Berkeley High School’s demographics reflect the diverse ethnic and cultural community of Berkeley, yet sports teams at school don’t reflect the multiplicities of the school’s vibrant community. For example, African-Americans at BHS are the majority in sports such as basketball and football.
Of the seven athletes interviewed, all acknowledged the lack of racial diversity amongst BHS sports teams. Badminton player, Amira Harara believes that this disparity comes from the students, who are attempting to conform to stereotypes.
Harara said, “There are racial stereotypes within our school that students feel forced to adhere to.”
Moreover, Amira emphasized the immorality of these stereotypes. “The idea that only black people should just play football and basketball while white people play cross country and lacrosse is just wrong,” she said.
But BHS senior Jaden Lewis indicated that racial disparity, especially on the lacrosse team, may stem from the cost of participating.
Lewis said lacrosse is a, “typically rich, white sport”, and, “a possible reason for this could be the expense.”
Lewis added that beside the general expense of the sport, “[lacrosse] typically lacks a sense of community when it comes to fundraising,” said Lewis. Sports are also seen as a way to achieve success and pursue higher learning in the black community. With sports scholarships one can attend a universitiy, like senior lacrosse and football player Ty Delaney, who has received a sports scholarship to Albany College.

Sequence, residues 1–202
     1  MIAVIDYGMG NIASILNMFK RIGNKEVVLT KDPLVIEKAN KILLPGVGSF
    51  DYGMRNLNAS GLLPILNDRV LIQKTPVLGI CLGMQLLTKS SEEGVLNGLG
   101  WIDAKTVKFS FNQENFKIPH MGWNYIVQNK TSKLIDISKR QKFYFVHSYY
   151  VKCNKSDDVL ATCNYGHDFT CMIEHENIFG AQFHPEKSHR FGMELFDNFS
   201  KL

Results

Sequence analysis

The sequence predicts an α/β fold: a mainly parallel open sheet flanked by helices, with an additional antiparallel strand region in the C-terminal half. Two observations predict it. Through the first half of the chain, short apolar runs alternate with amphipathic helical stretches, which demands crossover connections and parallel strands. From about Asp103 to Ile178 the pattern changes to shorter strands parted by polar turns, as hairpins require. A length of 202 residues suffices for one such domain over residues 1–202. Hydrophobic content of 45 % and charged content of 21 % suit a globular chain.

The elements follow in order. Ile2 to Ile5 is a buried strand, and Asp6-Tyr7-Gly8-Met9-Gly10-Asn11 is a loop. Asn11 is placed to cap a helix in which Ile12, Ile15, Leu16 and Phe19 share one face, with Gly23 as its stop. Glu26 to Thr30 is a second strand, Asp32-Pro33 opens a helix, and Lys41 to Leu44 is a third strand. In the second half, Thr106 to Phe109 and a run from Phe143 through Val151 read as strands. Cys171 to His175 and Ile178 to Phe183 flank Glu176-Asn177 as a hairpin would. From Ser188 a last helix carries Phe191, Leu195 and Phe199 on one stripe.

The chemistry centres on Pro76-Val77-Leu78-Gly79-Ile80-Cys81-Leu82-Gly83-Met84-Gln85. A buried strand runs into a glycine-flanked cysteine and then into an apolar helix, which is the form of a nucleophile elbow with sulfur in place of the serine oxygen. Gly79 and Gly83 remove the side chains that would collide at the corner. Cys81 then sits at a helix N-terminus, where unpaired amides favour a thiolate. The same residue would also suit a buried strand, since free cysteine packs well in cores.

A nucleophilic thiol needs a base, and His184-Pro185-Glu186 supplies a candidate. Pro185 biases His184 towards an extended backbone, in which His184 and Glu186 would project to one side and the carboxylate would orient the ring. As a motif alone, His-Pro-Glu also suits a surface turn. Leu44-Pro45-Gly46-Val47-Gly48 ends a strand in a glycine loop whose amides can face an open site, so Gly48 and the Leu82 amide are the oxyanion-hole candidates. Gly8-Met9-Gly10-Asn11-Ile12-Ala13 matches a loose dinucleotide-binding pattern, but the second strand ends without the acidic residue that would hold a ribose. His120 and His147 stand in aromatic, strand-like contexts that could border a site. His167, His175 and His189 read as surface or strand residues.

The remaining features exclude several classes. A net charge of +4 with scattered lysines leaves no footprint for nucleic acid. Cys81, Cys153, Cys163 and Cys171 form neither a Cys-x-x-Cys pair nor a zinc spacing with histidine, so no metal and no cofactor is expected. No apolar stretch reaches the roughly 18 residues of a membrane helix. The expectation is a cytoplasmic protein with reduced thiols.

Another theory, used to validate the racial disparity in football and basketball, is that African American youths receive more positive reinforcement for athletic success than they do in academics. In sports this strength and force is allowed to be expressed freely on the field, unless it is connected to a political voice.
We have many examples of black male athletes, from boxer Muhammad Ali to the more recent Colin Kaepernick, who have been persecuted for exercising their freedom of expression during sports events.
Whether students are unknowingly upholding stereotypes, unable to meet the costs of a sport they would like to play, pursuing scholarships, or even looking for a way to freely express themselves, there is no excuse for a school such as ours to remain segregated on the field.
Of the students interviewed, all acknowledged the lack of diversity on their teams, but they also repeatedly said that their teams are like family to them. BHS is brimming with athletic talent, and students excel in the classrooms and on the field across grades and small schools.
How can we as a school combat this contradiction? Last week, kneeling for the national anthem, as a protest of injustice, was a beautiful display of unity.
We showed that coming together as a school is the best way to solve this ongoing issue.